The Masks We Wear | Lenten Art | Lent 19

Qui ne se Grime Pas? Who Does Not Wear a Mask? 1923

Qui ne se Grime Pas is the key work in Rouault’s most important series of prints, the ‘Miserere’. Here the artist depicts himself as a clown. It is a ‘spiritual’ self-portrait expressing his moral and philosophical ideas in terms of a visual symbol.

Rouault wrote of a chance encounter in 1903, when he was 32: “One day I noticed how, when a beautiful day turns to evening, the first star shines out in the the sky. It moved me deeply — I don’t know why — and it marked the beginnings of poetry in my life. A gypsy caravan halted at the side of the road, a weary old horse nibbling stunted grasses, an old clown patching his costume — that was how it began. We all wear a spangled dress of some sort, but if someone catches us with the spangles off, as I caught that old clown, oh! the infinite pity of it! . . I have made the mistake . . . of never allowing people to keep their spangles on . . .” Quoted by Frank and Dorothy Getlein, George Rouault’s Miserere (Milwaukee: The Bruce Publishing Company, 1964), p. 43.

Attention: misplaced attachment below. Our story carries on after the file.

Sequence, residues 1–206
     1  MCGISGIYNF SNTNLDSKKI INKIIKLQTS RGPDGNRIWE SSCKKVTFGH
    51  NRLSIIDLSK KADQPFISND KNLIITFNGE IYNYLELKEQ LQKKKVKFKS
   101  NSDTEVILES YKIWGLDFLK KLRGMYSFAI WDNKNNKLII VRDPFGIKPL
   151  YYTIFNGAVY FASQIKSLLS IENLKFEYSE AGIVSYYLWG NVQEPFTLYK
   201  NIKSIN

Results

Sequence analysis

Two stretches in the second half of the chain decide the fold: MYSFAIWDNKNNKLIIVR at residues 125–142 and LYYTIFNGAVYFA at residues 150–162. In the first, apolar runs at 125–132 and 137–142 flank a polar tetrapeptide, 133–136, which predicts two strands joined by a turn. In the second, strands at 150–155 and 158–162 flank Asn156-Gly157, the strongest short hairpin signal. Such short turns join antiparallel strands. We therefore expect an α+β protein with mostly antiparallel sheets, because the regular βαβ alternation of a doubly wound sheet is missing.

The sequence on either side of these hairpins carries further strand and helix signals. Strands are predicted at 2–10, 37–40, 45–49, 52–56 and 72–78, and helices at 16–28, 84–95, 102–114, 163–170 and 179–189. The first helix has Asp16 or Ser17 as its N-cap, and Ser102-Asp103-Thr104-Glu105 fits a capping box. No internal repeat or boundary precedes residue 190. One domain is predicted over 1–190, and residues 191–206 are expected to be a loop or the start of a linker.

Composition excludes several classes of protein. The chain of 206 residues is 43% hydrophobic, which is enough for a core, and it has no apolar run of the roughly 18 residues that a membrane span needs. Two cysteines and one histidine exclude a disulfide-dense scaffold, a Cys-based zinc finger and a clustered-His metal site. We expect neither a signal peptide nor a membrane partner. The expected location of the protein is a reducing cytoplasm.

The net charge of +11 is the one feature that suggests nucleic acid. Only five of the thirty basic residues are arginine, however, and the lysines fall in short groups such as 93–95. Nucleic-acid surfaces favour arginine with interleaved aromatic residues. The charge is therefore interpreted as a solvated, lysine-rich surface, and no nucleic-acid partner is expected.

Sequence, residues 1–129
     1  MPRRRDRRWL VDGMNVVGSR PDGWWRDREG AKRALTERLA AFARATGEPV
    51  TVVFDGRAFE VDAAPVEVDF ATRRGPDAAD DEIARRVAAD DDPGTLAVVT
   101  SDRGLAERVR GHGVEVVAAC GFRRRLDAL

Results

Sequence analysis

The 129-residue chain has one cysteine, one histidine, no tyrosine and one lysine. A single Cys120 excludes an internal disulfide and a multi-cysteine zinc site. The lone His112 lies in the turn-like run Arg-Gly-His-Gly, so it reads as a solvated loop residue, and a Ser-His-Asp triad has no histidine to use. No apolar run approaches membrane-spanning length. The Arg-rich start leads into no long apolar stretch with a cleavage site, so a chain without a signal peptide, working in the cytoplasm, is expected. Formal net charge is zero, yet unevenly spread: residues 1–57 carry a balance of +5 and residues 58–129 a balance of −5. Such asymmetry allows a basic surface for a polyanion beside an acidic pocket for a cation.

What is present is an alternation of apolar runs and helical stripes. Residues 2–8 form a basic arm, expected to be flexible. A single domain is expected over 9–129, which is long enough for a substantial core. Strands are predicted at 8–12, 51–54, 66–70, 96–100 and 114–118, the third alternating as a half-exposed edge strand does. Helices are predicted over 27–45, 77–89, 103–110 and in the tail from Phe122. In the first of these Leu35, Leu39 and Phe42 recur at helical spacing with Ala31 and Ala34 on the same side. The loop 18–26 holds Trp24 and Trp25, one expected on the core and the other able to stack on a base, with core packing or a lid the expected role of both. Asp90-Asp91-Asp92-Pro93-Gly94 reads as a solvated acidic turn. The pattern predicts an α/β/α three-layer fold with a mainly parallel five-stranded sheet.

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I include this image on my blog because of Roualt’s profound psychological insight into our unique participation in Christ’s passion.  The excerpt above was taken from  You can find more of the Miserere series there.

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